DS:It’s mature work for an undergraduate final project. How have you found making the transition from BA to professional photographer?
CW:The project was originally created for my final year degree show submission, and has formed the main basis of my practice post degree. It marked a real turning point in my practice – although I think I’d created some really wonderful portraits prior to this project, this was the first that felt fully cohesive and realised as a body of work, and very important to me as it interrogated a lot of issues very close to my heart.
I still definitely feel that I’m still finding my feet in the professional world of photography, and I’m very excited and optimistic about what is coming next in my practice.
DS: Is this a continuing project?
CW:After continuing the project until recently, I’m thinking of taking a break from it and exploring some new avenues. However, I feel it has become a real centre-point of my photographic practice, and something I’ll always be returning to and working on.
I’m currently doing a bit of thinking and research about future projects – something I’m particularly interested in currently is the increasing phenomenon of younger people embracing their queerness, and being able to define themselves far younger than I was ever confident enough to. I imagine this is linked to more progressive attitudes in society, and something I think is incredibly exciting and something I’d love to explore.
Later this year, I’m going to be working on a new series of portraits of performers during the Edinburgh Fringe Festival, exploring the concept of the persona of the performer, which I’m also very excited about. I’ve been fortunate enough to meet some incredible people in the performance community in previous years of the Festival, and I’ve made it a priority this year to produce a series of portraits that attempts to capture that vibrancy.
DS: Thank you so much for talking to us Craig – we wish you all the best with your future plans and the continued success of your work.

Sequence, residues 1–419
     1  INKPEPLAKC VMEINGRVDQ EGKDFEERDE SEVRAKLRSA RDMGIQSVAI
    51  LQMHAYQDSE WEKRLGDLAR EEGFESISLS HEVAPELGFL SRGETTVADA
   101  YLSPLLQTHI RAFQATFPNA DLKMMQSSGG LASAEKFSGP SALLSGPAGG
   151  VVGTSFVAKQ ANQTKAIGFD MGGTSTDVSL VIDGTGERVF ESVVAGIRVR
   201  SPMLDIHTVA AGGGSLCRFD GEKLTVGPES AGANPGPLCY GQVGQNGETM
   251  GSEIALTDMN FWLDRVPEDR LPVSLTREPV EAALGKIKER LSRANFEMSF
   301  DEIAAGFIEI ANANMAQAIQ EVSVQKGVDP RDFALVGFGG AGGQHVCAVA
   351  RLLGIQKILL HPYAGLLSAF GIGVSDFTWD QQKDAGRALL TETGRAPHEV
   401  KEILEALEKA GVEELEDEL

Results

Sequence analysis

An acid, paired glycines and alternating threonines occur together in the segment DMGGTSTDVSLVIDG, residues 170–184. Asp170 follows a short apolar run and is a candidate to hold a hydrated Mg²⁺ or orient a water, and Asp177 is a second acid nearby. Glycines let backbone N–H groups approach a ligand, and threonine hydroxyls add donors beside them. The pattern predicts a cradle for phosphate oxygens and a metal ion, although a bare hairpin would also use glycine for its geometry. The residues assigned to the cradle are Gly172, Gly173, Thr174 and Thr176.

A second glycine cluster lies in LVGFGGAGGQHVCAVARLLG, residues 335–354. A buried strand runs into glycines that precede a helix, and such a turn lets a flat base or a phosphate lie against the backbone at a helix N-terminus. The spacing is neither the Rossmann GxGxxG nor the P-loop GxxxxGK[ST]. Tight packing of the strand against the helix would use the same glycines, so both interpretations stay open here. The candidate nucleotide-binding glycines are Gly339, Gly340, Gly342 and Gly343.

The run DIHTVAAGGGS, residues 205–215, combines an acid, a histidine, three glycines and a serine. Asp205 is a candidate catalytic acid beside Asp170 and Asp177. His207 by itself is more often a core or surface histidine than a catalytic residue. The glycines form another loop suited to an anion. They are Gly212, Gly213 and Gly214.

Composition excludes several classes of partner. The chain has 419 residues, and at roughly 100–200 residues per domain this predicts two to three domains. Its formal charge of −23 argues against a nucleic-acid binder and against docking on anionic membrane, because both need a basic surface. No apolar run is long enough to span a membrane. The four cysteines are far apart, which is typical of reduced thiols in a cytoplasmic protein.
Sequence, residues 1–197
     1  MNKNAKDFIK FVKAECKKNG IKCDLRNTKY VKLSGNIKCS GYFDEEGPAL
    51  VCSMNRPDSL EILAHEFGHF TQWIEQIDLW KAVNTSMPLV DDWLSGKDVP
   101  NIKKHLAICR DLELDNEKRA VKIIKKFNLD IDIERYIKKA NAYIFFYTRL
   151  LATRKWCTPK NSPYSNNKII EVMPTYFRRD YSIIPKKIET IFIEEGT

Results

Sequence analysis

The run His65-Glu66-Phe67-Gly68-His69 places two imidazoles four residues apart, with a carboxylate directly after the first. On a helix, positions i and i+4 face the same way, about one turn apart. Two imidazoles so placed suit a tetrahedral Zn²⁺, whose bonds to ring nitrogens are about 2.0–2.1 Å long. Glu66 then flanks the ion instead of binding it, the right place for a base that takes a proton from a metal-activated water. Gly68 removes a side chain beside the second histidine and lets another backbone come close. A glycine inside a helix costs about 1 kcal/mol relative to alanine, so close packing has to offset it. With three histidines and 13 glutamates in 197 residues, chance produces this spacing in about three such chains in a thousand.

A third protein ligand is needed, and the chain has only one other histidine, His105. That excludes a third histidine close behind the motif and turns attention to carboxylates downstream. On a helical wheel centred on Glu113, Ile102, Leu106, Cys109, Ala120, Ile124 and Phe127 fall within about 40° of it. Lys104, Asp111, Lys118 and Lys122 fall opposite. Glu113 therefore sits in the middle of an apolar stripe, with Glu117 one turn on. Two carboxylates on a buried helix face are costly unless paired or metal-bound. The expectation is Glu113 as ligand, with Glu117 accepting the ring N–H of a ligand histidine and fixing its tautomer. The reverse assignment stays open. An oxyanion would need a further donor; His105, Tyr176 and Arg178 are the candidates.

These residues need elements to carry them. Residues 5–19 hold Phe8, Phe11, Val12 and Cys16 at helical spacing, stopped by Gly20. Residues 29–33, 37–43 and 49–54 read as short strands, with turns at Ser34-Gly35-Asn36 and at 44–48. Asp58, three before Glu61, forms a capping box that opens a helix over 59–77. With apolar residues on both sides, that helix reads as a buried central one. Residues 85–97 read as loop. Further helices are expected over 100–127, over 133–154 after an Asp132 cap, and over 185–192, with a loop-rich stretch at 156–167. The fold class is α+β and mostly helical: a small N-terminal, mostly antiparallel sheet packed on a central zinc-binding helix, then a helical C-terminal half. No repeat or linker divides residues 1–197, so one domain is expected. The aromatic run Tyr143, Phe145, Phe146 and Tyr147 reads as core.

For the first time in a UK political vote, individuals who turn 16 on or before 18th September 2014 are eligible to vote in the forthcoming Scottish independence referendum.
Shot in homes, bedrooms, public places and parks, Scottish Sweet Sixteen introduces us to a number of young people of voting age in Scotland and the spaces they spend time in. These adolescents share their views on being 16 in Scotland today and what, if anything, having this vote means to them. Some describe the referendum as motivating them to become interested in politics for the first time in their lives. Others are unsure and nervous of how to vote, uncertain of what to think or of whether they will vote at all.
Stacey, (above) aged 16, Kirknewton
“Stacey, 16. “I’ve had a chat about independence and the referendum and I understand what it is, it’s about Scotland being its own country. But it’s complicated. I do want to vote, I do want to learn about it, because it could make Scotland a different place. I don’t go to school anymore, I left. I’ve been in 3 different foster homes, this one for the longest. At 16 I feel I’m just starting to come into the world, and be old enough, I’m a young adult now.”
Millie, 16, Portobello: “I think it is really important for sixteen year olds to have the opportunity to vote in the referendum. It affects our future – in many ways more than our parents generation. However, usually when you vote in an election, the results last for 4 years and there is potential for change. It’s a daunting idea that my first vote could have permanent consequences.”